“I've had some amazing collaborations with women in film, the show I host The Elite Daily Show, has a ton of women writers, producers and co-hosts, which is incredible. I got into Just For Laughs from my pilot This One Time @ Camp, and sold a web series There's No Place Like Home, with my writing comedy partner Anna Roisman. I wrote another pilot and shot a sizzle with another writing Partner Jessica Pilot. My roommate Jaclyn Marfuggi and I ran a successful Italian-themed comedy show called Holy Cannoli. A lot of my achievements in content was through the collaboration and support of other women, and I hope we keep supporting each other. I think the way we should talk about women in film is [to] maybe stop making women in film a separate thing... As women we can do our part to collaborate more with each other, and the film industry can do their part in paying and treating women the same as the their co-workers.”
Kimberley Crossman is an actress, author, producer, writer and presenter from New Zealand. She’s worked with the likes of Kevin Connolly, Steven Fry, William Shatner and Joel McHale, among others and is currently studying at the Groundlings Theatre in Los Angeles. She is currently developing her own production company, Happy Wife, INC with Katie Wilbert.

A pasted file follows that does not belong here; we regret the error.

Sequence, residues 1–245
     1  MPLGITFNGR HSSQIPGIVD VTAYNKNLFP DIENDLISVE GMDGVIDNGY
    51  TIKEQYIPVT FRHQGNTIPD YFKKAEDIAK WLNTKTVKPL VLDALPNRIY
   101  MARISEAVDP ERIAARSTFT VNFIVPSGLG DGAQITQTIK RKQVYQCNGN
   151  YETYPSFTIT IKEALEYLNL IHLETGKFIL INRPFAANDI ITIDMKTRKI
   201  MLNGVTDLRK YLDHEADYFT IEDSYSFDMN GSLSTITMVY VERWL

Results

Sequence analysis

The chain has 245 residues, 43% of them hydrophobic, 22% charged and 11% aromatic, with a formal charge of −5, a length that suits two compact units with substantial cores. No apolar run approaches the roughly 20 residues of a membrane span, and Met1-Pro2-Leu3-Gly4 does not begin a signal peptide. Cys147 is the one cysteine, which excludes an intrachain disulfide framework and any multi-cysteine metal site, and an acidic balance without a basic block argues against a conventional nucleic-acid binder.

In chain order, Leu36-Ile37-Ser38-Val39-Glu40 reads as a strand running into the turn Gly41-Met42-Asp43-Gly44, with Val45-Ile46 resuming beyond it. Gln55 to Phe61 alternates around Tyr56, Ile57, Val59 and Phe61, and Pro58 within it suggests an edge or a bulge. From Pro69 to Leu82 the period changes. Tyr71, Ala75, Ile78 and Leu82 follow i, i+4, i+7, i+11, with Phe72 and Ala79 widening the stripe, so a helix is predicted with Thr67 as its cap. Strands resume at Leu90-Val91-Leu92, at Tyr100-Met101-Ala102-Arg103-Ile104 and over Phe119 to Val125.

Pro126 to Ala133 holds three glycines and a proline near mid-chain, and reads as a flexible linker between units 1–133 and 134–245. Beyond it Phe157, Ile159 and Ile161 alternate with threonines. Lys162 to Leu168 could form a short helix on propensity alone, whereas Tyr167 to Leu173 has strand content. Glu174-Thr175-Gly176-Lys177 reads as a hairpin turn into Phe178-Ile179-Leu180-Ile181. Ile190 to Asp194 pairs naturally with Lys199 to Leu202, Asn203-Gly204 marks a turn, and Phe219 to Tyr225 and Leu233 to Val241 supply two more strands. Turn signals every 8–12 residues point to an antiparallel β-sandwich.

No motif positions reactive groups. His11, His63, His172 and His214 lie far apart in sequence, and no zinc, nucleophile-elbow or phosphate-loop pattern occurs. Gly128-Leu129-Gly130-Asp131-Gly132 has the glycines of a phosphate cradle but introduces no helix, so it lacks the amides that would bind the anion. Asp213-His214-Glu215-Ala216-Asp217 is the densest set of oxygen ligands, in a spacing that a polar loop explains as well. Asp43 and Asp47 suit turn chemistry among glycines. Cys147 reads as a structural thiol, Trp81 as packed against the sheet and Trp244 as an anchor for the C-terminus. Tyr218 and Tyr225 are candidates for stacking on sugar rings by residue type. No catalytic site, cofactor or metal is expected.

“I think it is very important to talk about Women in Film. I think it is inspiring and encouraging to share stories about women achieving great things in any field. I remember reading articles about Elizabeth Banks and Lena Dunham and how they were breaking the mold and it inspired me to give myself permission to dream bigger. More specifically not to wait for someone to give you the opportunity you are waiting for but rather create the opportunity yourself.”
“I do not think that championing women means we should belittle men either, I do not agree with that. Hearing stories about how anyone has overcome something or believed in themselves enough to be told ‘no’ several times and do it anyway are the stories that should be told. Stories of triumph and struggle.”
On a final note Jessica Chastain, who recently helped launch a nonprofit to produce content that empowers women called We Do It Together, penned an essay about working on her latest film, The Zookeeper's Wife, with more women behind the scenes than she had ever worked with before.
"I do think things are changing. The reason I think they are changing is because whenever I talk about these issues with men I know in the industry — they are very talented, really intelligent and very successful men — there's this embarrassment. They say, 'I don't understand how it got to be like this.' And I think that is what will help things change because it takes the group that is the majority in the industry to say, 'Wait a minute: Maybe it's more interesting to have more female voices in the executive suite and not just a token woman.'"
The entire essay is great, you can read it here.